Experimental training protocol
WB-EMS training was conducted on Mondays and Thursdays in order to obtain a rest interval of 48 hours between the two sessions and the championship game on Saturdays. The WB-EMS Training was conducted with a whole body-EMS-system by “miha bodytec” (Augsburg, Germany). WB-EMS was applied with an electrode vest to the upper body including the chest (m. pectoralis major and minor), upper back and lower back (m. latissimus, m. trapezius, m. erector spinae, m. iliolumbales), and abdominals (m. rectus abdominis) and with a belt system to the lower body including the muscles of the glutes (m.gluteus maximus and medius), thighs and hamstrings (m. rectus femoris, m. vastus medialis and lateralis, m. biceps femoris, m. semitendinosus, m. semimembranosus, m. gracilis) and calves (m. gastrocnemius, m. soleus). The electrode belt for the thighs was positioned between hip and the knee joint space. For the calves, the belts were placed around the thickest part of the calves. The players started with a 2-3 min warm-up with easy movement preparations and jumps at a light to moderate stimulation intensity. The players were told to slowly increase the intensity every few impulses. The training started when the players reached the defined training intensity (see below). The EG performed 3x10 maximal squat jumps with a set pause of 60s (no currents) per session. Biphasic rectangular wave pulsed currents (80Hz) were used with an impulse width of 350µs. Every impulse for a single jump lasted for 4s (ROM: 2s eccentric from standing position to an knee angle of 90° – 1s isometric – 0.1s explosive concentric – 1s landing and stabilisation) followed by a rest period of 10s (duty cycle approx. 28%).
The stimulation intensity was determined and set separately for each muscle group by using a Borg-scale (6-20, [20-100%]). For the first two sessions the participants started with a moderate to sub-maximal intensity (13-15, [50-60%]). The stimulation intensity was then constantly increased individually every week. The players were told to maintain a high stimulation intensity (Borg-Scale 18-19, [80-90%]) that still assures a clean dynamic jump movement.
The TG performed the same amount of jumps with identical interval and conduction twice per week on similar days without EMS in addition to the 6-7 soccer specific training sessions per week.
All testing and training sessions were supervised and monitored by a strength and conditioning specialist.
The Kolmogorov-Smirnov test of the normality of distribution was conducted before the analysis. All parameters were normally distributed. Potential baseline differences between treatment groups were investigated using the student t-test for independent samples. Assumption of homogenous variances was tested using Levene test. In case of inhomogeneous variances Welch-test was used. To determine the effect of the training interventions a separate 3x2 (time*group) mixed ANOVAs with repeated measures were conducted. ANOVA assumption of homogenous variances was tested using Maulchy-test of Sphericity. If a violation of Mauchly’s test was observed Greenhouse-Geisser correction was used. Partial eta-square (η2p) values are reported as effect size estimates. If 3x2 mixed ANOVA revealed a significant time-point*treatment or time*group interaction effect on any variable, this effect was further investigated carrying out Bonferroni corrected post hoc pairwise comparison. To detect correlations among pairs of variables Pearson product-moment correlation (one-tailed) was used. For all inferential statistical analyses, significance was defined as p-value less than 0.05. All descriptive and inferential statistical analyses were conducted using SPSS 22® (IBM®, Armonk, NY, USA).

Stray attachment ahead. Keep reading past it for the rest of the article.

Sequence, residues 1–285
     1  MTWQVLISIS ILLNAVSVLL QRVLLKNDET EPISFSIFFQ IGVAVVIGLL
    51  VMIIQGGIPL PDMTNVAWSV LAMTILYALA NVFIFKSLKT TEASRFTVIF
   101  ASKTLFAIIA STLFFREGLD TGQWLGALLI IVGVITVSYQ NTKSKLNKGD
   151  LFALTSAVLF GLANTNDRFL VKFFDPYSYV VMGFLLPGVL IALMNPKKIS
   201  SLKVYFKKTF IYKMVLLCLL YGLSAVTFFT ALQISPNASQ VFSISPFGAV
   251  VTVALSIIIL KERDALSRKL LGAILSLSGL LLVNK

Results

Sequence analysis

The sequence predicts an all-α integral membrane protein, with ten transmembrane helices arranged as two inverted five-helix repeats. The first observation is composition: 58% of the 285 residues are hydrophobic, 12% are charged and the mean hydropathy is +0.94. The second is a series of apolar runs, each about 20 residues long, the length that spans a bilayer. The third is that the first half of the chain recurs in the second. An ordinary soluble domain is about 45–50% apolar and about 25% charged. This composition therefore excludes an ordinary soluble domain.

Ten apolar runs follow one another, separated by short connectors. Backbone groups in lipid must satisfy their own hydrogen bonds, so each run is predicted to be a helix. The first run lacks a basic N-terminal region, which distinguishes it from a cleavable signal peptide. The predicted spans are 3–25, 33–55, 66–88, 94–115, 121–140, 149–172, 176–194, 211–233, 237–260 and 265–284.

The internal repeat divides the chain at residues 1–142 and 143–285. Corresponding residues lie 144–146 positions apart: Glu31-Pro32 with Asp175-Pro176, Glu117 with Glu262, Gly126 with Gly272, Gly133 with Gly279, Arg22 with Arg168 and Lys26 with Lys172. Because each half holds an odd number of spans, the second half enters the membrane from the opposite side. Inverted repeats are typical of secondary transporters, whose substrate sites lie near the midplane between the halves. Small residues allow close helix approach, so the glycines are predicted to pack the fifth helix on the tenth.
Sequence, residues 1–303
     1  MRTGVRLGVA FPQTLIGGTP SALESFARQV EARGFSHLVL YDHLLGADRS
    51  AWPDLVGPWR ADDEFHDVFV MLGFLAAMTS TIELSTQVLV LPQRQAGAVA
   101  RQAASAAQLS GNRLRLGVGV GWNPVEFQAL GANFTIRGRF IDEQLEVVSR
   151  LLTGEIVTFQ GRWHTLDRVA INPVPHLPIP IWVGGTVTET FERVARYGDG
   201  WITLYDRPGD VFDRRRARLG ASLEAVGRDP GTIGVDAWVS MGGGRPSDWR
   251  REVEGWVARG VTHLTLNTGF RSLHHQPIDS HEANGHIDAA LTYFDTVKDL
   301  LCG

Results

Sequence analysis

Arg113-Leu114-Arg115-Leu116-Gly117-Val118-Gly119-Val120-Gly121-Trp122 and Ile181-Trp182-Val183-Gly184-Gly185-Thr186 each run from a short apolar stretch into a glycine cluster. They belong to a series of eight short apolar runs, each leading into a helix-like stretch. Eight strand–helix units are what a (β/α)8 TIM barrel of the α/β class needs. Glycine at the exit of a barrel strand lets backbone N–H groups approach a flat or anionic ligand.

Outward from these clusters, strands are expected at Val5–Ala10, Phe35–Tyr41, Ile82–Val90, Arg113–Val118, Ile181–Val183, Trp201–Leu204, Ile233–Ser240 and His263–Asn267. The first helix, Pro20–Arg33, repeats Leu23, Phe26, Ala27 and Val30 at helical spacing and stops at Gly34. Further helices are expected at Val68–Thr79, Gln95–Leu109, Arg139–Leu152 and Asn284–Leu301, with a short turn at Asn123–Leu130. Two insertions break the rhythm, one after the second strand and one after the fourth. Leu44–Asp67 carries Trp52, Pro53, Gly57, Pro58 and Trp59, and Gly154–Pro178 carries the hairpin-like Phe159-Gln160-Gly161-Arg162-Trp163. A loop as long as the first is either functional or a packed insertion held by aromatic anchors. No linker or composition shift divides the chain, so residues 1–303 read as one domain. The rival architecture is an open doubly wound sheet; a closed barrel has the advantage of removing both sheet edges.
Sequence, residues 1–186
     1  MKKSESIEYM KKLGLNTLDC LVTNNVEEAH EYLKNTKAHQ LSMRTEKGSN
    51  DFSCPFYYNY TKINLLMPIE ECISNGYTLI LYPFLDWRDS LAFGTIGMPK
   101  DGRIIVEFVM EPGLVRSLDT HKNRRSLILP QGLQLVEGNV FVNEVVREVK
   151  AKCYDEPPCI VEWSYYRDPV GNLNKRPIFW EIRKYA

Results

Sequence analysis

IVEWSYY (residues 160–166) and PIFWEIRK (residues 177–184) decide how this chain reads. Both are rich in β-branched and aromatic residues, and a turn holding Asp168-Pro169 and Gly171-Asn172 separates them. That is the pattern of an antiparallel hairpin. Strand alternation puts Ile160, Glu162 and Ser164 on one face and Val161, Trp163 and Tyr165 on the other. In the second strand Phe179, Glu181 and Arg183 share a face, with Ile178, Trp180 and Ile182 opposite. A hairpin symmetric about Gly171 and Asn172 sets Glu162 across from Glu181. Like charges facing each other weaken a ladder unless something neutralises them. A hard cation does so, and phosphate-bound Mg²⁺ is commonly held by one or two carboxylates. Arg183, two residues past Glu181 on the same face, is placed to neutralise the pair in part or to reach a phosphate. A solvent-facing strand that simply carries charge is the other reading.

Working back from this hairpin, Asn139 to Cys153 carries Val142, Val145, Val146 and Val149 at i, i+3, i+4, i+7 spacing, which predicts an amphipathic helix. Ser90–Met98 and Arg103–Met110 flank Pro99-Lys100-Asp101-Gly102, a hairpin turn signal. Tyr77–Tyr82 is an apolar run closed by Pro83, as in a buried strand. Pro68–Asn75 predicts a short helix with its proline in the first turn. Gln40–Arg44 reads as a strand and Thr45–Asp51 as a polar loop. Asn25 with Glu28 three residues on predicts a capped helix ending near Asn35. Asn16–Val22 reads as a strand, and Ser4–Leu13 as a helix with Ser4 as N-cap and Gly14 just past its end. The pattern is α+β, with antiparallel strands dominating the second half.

Effects on performance parameters
Group Comparisons: At the baseline test the TG showed a significant (p < 0.05) lower sprint time for linear sprint over 10m, and a higher kicking velocity with 1step run-up than the EG. After 14 weeks, the EG showed a significant (p < 0.05) higher 1RM at the leg press than the TG at wk7 (p < 0.05) and at wk14 (p < 0.05).
Anthropometric changes: We observed no changes in body weight and height in both groups during the study period.
One-Repetition-Maximum (1RM) legpress machine: The 3x2 mixed ANOVA on 1RM revealed a significant main effect of within-subjects factor time (F = 9.481, d = 16, p = .002, η2p = 0.542), and a significant time*group effect (F = 8.169, d = 16, p = 0.004, η2p = 0.505). Significant interaction effect on relative 1RM was further analyzed through post hoc comparisons. We observed significant increases for the EMS group (EG) in the maximal strength (1RM) at wk7 (p < 0.01) and wk14 (p < 0.01) compared to the baseline. The TG showed no changes in the maximal strength (Figure 2).
Vertical jump: We observed a significant main effect of within-subjects factor time for SJ (F = 11.268, d = 17, p = 0.001, η2p = 0.57), CMJ (F = 9.625, d = 17, p = 0.002, η2p = 0.531), DJindex (F = 10.427, d = 17, p = 0.001, η2p = 0.551) and a significant time*group effect for squat jump (F = 6.104, d = 17, p = 0.01, η2p = 0.418). The EG showed significant increases in SJ (p < 0.05), CMJ (p < 0.05) and DJindex (p < 0.01) at wk14 (p < 0.05). The TG showed no significant changes in SJ, CMJ, and DJindex compared to baseline (Figure 3).